Diabetes mellitus (DM) represents several diseases in which high blood glucose levels over time can damage the nerves, kidneys, eyes, and blood vessels. Diabetes can also decrease the body’s ability to fight infection. When diabetes is not well controlled, damage to the organs and impairment of the immune system is likely. Foot problems commonly develop in people with diabetes and can quickly become serious.
People with diabetes often have altered sensation in their feet and therefore if they have cracked nails as well it will lead to decreased ability to feel pain, heat or cold. This can result in injury and a delay in getting care for an injury. An injury can lead to a foot ulcer that can become infected. It often takes a long time for an ulcer to heal. Among diabetics changes often take place in the walls of blood vessels. This change leads to the thickening of the walls that makes the blood vessels stiff. This may lead to decreased circulation in the lower legs and feet. This is important because it reduces the body’s ability to heal an injury or fight an infection. Complications of foot injuries can lead to amputation.
It is important to control your blood sugar and blood pressure to maintain your health and prevent complications. Also, the key to maintaining healthy feet is to prevent injury by following a plan to check and care for your feet. The following are some measures to assist you in preventing foot problems.
Daily Foot Care Guide:
- Inspect your feet daily. Check for cuts, blisters, redness, swelling, or nail problems. Use a magnifying hand mirror to look at the bottom of your feet. Call your doctor if you notice anything. (If your eyesight is poor, have someone else do it for you.)
- Wash your feet every day using mild soap and warm water. Check the water temperature with your hand or elbow before placing your feet in the water.
- Dry your feet well. Make sure to dry in between the toes.
- If there are any signs of infection such as swelling, redness, drainage, fever, or chills consult your doctor immediately.
- Keep toenails neatly trimmed. Cut the nails according to the shape of your toes so they are even with the skin on the end of your toes. Avoid cutting down into the corners. Never cut skin at the end of your toes. Make sure you trim your toenails in proper light. Trim toenails only after soaking feet, for example, after a bath or shower. If your toenails are thickened, you may have to have them trimmed by a doctor. If you have trouble with your eyesight then have someone help you trim your toenails.
- Avoid the wrong type of socks. Avoid tight elastic bands (they reduce circulation). Don’t wear thick or bulky socks (they can fit poorly and irritate the skin). Wear clean, dry socks, and change them daily.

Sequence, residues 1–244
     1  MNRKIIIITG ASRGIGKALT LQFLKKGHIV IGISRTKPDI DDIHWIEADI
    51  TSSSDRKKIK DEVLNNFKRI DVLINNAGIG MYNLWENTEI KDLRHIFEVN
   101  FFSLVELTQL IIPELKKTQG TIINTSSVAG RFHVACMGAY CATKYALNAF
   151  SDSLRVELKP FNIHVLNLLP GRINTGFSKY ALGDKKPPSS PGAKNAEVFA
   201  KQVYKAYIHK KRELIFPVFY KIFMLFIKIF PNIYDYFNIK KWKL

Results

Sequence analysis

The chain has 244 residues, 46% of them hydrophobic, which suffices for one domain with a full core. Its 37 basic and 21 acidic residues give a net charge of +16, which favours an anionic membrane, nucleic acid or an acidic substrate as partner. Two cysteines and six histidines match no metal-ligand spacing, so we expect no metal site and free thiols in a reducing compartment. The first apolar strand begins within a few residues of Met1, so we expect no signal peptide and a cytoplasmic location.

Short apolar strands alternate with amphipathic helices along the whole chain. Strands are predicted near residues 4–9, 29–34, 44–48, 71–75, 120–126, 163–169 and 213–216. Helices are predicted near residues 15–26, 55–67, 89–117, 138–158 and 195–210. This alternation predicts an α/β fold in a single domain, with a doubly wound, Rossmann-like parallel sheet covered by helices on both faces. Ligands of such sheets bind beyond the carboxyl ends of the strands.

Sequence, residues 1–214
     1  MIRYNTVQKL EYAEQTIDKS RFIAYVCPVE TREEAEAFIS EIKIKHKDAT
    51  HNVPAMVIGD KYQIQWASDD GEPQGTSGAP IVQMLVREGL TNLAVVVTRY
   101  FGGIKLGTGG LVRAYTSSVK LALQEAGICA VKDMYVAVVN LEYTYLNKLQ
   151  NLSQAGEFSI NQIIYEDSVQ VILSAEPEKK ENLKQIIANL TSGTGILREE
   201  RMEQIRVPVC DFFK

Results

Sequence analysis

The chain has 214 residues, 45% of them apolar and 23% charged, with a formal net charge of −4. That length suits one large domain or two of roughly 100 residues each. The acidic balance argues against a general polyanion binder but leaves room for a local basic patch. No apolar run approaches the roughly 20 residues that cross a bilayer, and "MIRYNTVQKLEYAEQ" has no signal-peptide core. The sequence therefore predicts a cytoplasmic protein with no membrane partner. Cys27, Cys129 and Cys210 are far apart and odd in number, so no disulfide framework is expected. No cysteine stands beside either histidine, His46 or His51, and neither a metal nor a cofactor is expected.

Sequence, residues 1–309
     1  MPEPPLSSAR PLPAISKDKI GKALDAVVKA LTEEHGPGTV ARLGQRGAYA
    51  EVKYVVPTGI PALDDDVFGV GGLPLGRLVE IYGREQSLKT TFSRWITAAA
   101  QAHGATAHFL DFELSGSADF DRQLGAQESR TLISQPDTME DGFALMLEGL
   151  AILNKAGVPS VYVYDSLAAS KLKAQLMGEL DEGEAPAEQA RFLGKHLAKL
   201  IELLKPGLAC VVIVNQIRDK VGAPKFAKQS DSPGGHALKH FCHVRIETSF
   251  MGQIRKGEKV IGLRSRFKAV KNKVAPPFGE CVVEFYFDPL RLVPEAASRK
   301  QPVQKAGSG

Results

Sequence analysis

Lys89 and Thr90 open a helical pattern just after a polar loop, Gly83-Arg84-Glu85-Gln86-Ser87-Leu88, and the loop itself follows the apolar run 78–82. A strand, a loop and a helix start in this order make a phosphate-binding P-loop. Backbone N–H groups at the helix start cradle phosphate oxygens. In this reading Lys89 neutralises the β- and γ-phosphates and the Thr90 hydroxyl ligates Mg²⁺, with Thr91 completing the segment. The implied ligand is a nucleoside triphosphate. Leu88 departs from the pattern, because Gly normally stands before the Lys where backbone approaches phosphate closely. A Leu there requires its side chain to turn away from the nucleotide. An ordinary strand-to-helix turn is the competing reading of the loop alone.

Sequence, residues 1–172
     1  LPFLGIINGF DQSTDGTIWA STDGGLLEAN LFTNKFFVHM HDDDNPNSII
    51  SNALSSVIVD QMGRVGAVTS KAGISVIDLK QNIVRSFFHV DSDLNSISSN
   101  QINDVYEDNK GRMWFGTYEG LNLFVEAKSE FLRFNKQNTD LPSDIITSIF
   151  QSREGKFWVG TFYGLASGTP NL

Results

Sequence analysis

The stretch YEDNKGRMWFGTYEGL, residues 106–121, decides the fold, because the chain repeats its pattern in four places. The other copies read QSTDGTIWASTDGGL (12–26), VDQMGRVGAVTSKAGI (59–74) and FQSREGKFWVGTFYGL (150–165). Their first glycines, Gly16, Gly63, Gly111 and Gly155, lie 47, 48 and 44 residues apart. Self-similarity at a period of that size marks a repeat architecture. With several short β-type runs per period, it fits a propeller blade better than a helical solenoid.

- Do not try to cut off corns or calluses. If you have corns or calluses, inform your doctor during your next visit. Wearing soft socks and well-fitted shoes can prevent corns or calluses.
- Shake out your shoes and inspect the inside before wearing. Remember, you may not feel a pebble—so always shake out your shoes before putting them on.
- Never walk barefoot. Not even at home! You could step on something and get a scratch or cut.
- Get periodic foot exams. See your foot and ankle surgeon on a regular basis for an examination to help prevent the foot complications of diabetes.
- Exercise: Regular exercise will improve bone and joint health in your feet and legs, improve circulation to your legs, and will also help to stabilize your blood sugar levels. Consult your physician prior to beginning any exercise program.
- Diabetes control: Following a reasonable diet, taking your medications, checking your blood sugar regularly, exercising regularly, and maintaining good communication with your physician are essential in keeping your diabetes under control. Consistent long-term blood sugar control to near normal levels can greatly lower the risk of damage to your nerves, kidneys, eyes, and blood vessels.
Suggestions To Prevent Injury
- Avoid extreme temperatures. Do not let feet remain wet. Protect your feet from sunlight by using a sunscreen.
- Do not apply heating pad or hot water bottle to feet. Do not cross legs. Avoid smoking as it constricts blood vessels hence reducing blood circulation to your legs and feet.
- Every time you visit your doctor ask him to check your feet.
- If you have a problem with your feed consult your doctor immediately.
- If the level of your blood sugar has increased then consult your doctor immediately and this could be a sign of infection.
The Content is not intended to be a substitute for professional medical advice, diagnosis, or treatment. Always seek the advice of your physician or other qualified health provider with any questions you may have regarding a medical condition.